Off my rocker?-Solar water heater?

brendasue(6)October 12, 2005

Does anyone use solar to keep their animals water thawed out during the winter? Any thoughts or ideas on this?

For a science fair project for my son we made a solar-cooker. The temperature inside reached something like 185 degrees on a partly cloudy day this summer. Interesting project it was. It was a simple cardboard box, lined with aluminum foil, a "window" out of saran wrap, with 4 "collectors" lined w/aluminum foil. For use with animals the materials would of course need to be made of more permanent materials.

Am I off my rocker?

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gingerlili(z8 NW FL)

BrendaSue,

I don't think you'd be off your rocker at all. I don't have one myself, but I've recently started to look into getting a solar water heater for the people in my house. Apparently, solar power at the residential level is most oftenused to heat pools and other water sources. If you could create a good heater for your animals, I say go for it. It might help you to save money while you keep the environment safe, too.

    Bookmark   October 12, 2005 at 1:59PM
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southerngardengal(z7bMS)

Off your rocker? Sounds like you are onto something. If you figure this all out, please share. I have rabbits and chickens that I am going to need to keep water thawed for this winter. And right now, I can't afford an elaborate heating system. Hadn't thought of trying to go solar.

Jan

    Bookmark   October 12, 2005 at 2:02PM
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DPallas(z6, SW Mo)

Without a thermostat, a device like that would be unreliable. As you've already noticed, a solar collector can heat water dangerously scalding hot. But during days with low wind-chill factors and cloudy skies, it couldn't heat well enough. With a large tank that couldn't over-heat or a pond, you could possibly aim a collector at one spot on the surface to keep a drinking hole thawed.

The only thing similar to that that I've ever seen in use is a floating windmill that keeps the water around it churning to prevent it from freezing. Those don't always work and will freeze solid if the weather is bad enough.

    Bookmark   October 12, 2005 at 2:02PM
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marquisella(z4 NY)

What was the temp outside this summer when you did the experiment?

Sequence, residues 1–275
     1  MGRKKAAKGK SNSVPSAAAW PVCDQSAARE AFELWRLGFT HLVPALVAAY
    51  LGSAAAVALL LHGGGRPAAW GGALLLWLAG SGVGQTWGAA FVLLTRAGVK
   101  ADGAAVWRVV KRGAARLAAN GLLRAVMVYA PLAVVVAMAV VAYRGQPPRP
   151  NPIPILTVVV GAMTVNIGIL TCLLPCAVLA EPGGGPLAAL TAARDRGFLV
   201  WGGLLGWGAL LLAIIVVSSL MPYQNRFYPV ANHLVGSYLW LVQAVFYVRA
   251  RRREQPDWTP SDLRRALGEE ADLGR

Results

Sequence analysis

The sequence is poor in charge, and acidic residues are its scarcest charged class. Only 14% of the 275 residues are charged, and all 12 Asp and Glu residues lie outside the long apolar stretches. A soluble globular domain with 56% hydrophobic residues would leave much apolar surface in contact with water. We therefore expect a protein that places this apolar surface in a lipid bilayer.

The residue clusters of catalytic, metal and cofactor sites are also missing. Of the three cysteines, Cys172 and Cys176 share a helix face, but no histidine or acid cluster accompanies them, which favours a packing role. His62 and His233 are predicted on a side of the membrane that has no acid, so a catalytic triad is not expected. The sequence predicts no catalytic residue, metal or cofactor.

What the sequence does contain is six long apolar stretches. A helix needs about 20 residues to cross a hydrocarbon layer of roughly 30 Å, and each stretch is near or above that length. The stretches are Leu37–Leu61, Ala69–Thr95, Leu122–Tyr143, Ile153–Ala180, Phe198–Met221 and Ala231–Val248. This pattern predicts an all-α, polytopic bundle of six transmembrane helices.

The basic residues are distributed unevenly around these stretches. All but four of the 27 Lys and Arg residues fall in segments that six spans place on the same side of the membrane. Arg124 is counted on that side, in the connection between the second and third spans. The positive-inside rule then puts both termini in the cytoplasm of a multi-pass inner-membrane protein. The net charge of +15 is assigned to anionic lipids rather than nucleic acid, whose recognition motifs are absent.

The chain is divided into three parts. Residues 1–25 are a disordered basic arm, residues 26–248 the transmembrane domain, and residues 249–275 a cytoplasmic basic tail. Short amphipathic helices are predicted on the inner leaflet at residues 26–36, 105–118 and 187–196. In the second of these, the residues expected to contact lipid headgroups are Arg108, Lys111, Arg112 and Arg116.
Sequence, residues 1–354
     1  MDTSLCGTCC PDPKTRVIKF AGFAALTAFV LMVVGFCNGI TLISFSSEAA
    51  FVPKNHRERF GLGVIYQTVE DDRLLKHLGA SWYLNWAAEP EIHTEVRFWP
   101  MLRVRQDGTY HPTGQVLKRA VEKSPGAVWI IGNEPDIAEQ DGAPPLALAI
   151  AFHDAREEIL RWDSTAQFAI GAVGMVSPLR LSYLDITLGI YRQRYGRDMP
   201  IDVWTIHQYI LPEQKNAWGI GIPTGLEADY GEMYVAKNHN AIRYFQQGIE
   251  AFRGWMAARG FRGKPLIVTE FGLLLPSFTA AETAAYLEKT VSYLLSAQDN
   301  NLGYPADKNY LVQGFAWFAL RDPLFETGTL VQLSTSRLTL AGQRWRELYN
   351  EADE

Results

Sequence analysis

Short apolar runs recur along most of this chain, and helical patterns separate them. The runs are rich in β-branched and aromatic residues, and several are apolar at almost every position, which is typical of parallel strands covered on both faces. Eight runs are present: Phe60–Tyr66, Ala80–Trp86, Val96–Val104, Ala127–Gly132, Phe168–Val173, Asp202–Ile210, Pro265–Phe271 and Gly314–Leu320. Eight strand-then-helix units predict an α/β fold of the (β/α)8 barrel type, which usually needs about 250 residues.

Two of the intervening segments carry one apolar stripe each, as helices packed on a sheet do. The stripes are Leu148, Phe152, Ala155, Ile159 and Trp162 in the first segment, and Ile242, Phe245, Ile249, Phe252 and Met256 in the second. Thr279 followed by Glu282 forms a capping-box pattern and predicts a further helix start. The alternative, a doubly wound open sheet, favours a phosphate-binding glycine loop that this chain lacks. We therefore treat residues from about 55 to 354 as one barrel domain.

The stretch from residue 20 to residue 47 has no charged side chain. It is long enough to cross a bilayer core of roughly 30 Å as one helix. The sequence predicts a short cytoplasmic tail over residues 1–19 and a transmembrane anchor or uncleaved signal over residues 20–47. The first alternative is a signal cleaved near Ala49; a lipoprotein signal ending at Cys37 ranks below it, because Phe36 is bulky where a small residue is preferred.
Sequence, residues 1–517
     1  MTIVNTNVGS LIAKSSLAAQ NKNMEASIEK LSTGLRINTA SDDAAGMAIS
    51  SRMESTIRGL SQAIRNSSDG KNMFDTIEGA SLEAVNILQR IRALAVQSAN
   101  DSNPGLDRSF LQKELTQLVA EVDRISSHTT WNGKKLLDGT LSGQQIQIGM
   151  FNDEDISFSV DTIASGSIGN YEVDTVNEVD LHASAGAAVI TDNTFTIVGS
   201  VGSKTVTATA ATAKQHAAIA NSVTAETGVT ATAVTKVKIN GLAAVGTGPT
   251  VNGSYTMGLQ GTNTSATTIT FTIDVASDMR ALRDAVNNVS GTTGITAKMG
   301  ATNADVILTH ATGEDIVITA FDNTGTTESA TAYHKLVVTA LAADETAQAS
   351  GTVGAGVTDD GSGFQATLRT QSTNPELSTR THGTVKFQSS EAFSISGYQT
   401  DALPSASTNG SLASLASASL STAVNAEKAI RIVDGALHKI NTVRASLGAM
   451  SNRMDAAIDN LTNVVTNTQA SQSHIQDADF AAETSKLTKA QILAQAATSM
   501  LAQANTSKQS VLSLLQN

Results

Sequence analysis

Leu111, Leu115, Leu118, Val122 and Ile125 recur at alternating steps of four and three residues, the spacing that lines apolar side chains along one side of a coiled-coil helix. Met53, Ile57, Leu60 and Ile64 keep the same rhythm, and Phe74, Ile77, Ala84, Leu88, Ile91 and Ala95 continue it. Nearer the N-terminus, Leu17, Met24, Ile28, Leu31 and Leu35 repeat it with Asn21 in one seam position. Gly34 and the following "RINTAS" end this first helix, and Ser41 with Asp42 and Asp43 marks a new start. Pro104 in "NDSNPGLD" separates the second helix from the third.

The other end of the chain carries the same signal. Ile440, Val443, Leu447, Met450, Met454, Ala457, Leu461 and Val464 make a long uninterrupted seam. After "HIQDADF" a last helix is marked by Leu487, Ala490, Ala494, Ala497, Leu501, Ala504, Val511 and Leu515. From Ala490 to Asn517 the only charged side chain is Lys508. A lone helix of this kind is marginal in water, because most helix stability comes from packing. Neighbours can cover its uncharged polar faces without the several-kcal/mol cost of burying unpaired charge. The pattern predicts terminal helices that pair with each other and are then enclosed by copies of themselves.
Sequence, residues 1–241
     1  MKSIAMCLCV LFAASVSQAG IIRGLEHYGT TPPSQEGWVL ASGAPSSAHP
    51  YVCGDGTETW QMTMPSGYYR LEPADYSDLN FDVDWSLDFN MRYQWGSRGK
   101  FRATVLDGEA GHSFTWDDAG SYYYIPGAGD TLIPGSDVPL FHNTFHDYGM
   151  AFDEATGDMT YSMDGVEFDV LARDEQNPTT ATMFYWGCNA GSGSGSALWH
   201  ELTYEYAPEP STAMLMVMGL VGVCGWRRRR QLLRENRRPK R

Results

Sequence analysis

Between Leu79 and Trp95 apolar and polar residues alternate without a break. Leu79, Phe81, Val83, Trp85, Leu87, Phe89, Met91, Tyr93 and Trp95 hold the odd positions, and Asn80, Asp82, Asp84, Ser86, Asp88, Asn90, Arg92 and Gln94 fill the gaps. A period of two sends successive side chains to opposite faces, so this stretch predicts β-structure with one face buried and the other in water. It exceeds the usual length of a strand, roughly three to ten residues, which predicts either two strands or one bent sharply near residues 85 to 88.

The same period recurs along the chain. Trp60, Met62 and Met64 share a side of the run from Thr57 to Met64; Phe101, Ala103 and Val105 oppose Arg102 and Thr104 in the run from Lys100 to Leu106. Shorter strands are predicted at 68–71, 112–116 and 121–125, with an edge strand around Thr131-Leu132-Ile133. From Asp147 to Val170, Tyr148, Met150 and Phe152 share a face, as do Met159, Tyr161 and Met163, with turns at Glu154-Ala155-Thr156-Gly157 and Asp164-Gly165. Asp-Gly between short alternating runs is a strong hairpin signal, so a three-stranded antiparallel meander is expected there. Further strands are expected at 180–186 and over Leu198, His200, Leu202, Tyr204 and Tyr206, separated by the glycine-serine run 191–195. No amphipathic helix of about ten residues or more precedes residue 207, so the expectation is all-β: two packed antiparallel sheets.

In the middle of winter with the temp at maybe 15 F, I doubt it would heat it that well. And you would have to keep a larger area of water warm to stop it from freezing.

I don't know how cold it gets in your area, but I doubt it would work for me.

I have 2 50 gal. water tanks going all winter with electric heater coils inside. I figure it costs me $50 each per month to heat.

But I want my horses to have water at all times, so I do it.

When it goes below 0F, sometimes a thin layer of ice forms on top. I'm mentioning it so you can see how hot these things need to get to keep water from freezing in very cold temperatures.

    Bookmark   October 12, 2005 at 3:16PM
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brendasue(6)

Thanks for the replies. I don't recall the temperature when we did the experiment but it was late May/June, New England temperature could have been anywhere from 75 down to 35.

I did find this article: http://www.motherearthnews.com/library/1982_November_December/Build_a_Freezerproof_Solar_Water_Trough_

In case the link doesn't work it's in the the Mother Earth News November/December 1982 library, issue #78.

This one looks a bit complicated for me - I was thinking something simpler & animal friendly. I don't have electricity at my feeding stations so I can't plug anything in at this point.

We get down to -20's wind chill several times during the winter for a day or two, but normal is 5 degrees to 30 or so air temp.

PDallas-where can I find more info on this windmill? That seems like an option providing the cost isn't too far out there.

BrendaSue

    Bookmark   October 12, 2005 at 6:48PM
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DPallas(z6, SW Mo)

I'm doing a google search to find plans, but not having much luck yet. It's basically a small windmill that drives paddles underwater. An innertube serves as the floating platform. During the summer they serve as aerators.

So far, google searches are turning up tower-type windmills with an air hose that bubbles air through the water, serving the same purposes; those cost $1,000+. I also found solar powered pond and tank deicers and aerators for $350 - $750; you can buy a lot of extension cords for that!

I'll keep looking, but in the meantime there's a link to the solar ones below. Perhaps the floating windmills are homemade rather than commercially available.

Here is a link that might be useful: Stock Tank De-Icer Shallow Solar Pond Aerator

    Bookmark   October 12, 2005 at 7:17PM
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brendasue(6)

I'll Check it out-Thanks!

In the meantime-look what I found!

http://www.horsetack.com/products-ranch/am/solar-bt-save.htm

I have horses but I need to water my goats, too, and that seems a bit too high for them-not to mention they are in different pastures so I'd need 2 at $649.00 each plus shipping.

bp

    Bookmark   October 12, 2005 at 7:23PM
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DPallas(z6, SW Mo)

Very nice! Here's the same thing in kit form for $509 direct from the manufacturer.

Here is a link that might be useful: Amesco Horse Waterers

    Bookmark   October 12, 2005 at 8:00PM
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jason_reno(z5 NV)

It appears to be just an insulated box with a tough plastic window. It could be built for a lot less than $500, if your livestock doesn't eat wood.

Other ideas can be found by searching the patent files (www.uspto.gov) with key words like "solar, ice and livestock."

    Bookmark   October 12, 2005 at 8:27PM
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RichDragon50(UK/NS)